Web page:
Exhibition review: TIME • RONE, Flinders Street Station

Rone’s most ambitious project to date presents captivating storytelling that blurs the boundaries between reality and illusion.

Known for extravagant and ambitious installations, Melbourne-based street artist Rone this time turns his attention towards the working class, drawing upon the history of Flinders Street Station.

His latest project Time takes over the entire third level of the iconic building, which was originally home to a range of educational, social and recreational facilities for railway employees, and more recently hosted Patricia Piccinini’s RISING exhibition A Miracle Constantly Repeated.

For Time, Rone and collaborators have recreated a time capsule of post-WWII Melbourne through the lens of its blue-collar workers.

Though none of the spaces are occupied by people – apart from Rone’s signature mural portraits – the traces of their activities are revealed through the artist’s mastery of details.

Working together with set decorator Carly Spooner and set builder director Callum Preston, Rone has produced installations that present storytelling at its best – complex, multilayered and seemingly infinite. From a ceramic boxer lying on the floor with a broken leg to the nub of a well-used pencil in the Work Room, stories and characters linger vividly. Breadcrumbs of struggles and aspirations are hidden in places like an incomplete letter sitting dormant in one of several seemingly-abandoned typewriters, speaking of their desire for art and escape.

It is also within these details that multiple entry points are offered for visitors to engage not only with what’s presented, but with their own stories and memories as well.

Details of TIME • RONE at Flinders Street Station. Photo: ArtsHub.

In an earlier interview, Rone told ArtsHub: ‘I want to make it feel like everything I’ve done in here has always been here,’ and this is exactly what the artist has achieved.

Adding that photography is an important part of his practice, the in-person experience of his installations certainly lives up to the beauty of his photographic works.

The accompanying music score by Nick Batterham is absolutely critical in setting the scene and heightening the emotional engagement with the installations. Both lighting and composition are powerful elements, rather than supplements, to the entire exhibition – they breathe life into the rooms and objects.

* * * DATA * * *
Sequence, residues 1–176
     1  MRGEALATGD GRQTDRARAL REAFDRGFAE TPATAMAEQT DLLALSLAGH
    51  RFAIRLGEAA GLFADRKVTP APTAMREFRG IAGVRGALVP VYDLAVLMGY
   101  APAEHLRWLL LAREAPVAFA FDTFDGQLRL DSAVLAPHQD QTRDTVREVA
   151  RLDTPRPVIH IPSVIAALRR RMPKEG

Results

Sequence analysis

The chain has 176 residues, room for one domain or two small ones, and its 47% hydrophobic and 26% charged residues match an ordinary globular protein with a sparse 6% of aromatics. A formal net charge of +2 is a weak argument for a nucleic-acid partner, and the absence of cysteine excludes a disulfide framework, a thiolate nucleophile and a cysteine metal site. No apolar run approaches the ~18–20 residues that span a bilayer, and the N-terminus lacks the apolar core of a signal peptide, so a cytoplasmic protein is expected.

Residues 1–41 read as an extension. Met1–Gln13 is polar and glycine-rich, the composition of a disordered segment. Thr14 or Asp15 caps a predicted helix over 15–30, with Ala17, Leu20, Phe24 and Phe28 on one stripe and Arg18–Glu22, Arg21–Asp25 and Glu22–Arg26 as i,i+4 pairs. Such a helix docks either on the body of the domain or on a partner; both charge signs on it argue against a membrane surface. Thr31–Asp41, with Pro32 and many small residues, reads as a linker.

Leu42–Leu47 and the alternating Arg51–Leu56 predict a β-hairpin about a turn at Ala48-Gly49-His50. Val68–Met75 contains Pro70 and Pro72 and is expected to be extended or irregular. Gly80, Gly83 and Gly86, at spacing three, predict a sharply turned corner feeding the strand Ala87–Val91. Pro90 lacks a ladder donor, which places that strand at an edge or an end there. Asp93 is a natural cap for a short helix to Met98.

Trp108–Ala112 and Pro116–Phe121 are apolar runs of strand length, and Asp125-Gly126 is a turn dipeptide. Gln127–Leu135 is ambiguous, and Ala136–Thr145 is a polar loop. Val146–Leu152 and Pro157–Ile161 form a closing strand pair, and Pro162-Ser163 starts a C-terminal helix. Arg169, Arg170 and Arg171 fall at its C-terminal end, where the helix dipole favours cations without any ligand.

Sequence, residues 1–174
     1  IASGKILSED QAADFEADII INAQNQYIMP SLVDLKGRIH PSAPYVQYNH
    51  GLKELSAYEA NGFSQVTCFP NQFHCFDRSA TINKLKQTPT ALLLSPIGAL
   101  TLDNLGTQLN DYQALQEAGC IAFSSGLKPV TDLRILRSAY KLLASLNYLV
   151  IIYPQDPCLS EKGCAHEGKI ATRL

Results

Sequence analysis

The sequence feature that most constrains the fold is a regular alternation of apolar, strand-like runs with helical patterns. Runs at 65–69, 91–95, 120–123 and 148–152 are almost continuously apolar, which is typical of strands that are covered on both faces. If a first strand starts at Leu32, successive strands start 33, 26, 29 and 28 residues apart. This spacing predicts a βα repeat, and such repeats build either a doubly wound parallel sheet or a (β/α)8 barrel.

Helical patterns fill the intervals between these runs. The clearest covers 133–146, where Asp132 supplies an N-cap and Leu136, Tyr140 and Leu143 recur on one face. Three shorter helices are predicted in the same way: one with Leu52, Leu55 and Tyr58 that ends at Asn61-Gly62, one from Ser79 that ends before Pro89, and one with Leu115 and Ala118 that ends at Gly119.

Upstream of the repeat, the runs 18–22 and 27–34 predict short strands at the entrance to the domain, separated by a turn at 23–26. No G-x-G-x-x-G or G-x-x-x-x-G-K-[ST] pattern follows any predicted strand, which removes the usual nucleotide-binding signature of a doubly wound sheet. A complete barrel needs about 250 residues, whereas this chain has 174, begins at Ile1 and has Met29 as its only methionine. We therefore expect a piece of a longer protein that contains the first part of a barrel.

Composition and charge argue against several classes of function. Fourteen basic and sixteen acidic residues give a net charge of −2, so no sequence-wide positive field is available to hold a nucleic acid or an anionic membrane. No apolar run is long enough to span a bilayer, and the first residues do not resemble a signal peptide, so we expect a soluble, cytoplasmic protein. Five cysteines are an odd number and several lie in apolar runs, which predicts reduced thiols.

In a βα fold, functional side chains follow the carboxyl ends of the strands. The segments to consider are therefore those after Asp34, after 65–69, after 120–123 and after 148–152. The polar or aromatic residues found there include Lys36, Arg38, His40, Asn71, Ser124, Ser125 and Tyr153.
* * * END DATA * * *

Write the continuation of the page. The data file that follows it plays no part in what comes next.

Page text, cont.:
Desk lamps in the Typing Pool flicker in and out harmoniously, guiding visitors from one desk to the next. Towards the end of Batterham’s 12-minute loop, a cascade of dimming lights travels through the entire length of the third-floor corridor and delivers a clever awe-inspiring moment.

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The portraits of women become a focal point in the intricately detailed rooms, but arguably their power is diminished in this more (con)structured setting, as compared to when they are discovered unexpectedly on the streets. In the latter they are more empowered and rebellious. But then again this puzzlement (‘Why is there a woman’s portrait in this historic room?’) is exactly what Rone wants to achieve, a sign that the illusion he’s created has been accepted as pre-existing and only the mural is the added, or artificial, element.

On the night of the media preview, visitors were invited to begin their journey with an opening in the Flinders Street Ballroom, in which the artist has installed a Glasshouse and at its centre a mural of a woman resembling the popular actress Zendaya in the eyes of this reviewer (Sydney-based model Teresa Oman was listed as the muse).

Upon reflection it is perhaps better that visitors reserve this space as the last in their visit, a sanctuary in which to digest these stories and memories.

Just like history itself, this exhibition presents the kind of spectacular that takes time to settle, giving our eyes time to adjust and seek out the stories embedded into the grandness of the set.

TIME • RONE at Flinders Street Station is now showing; the exhibition has been extended until 23 April 2023 due to high demand. Ticketed.

Celina Lei is an arts writer and editor at ArtsHub. She acquired her M.A in Art, Law and Business in New York with a B.A. in Art History and Philosophy from the University of Melbourne. She has previously worked across global art hubs in Beijing, Hong Kong and New York in both the commercial art sector and art criticism. Most recently she took part in drafting NAVA’s revised Code of Practice - Art Fairs. Celina is based in Naarm/Melbourne. Instagram: @lleizy_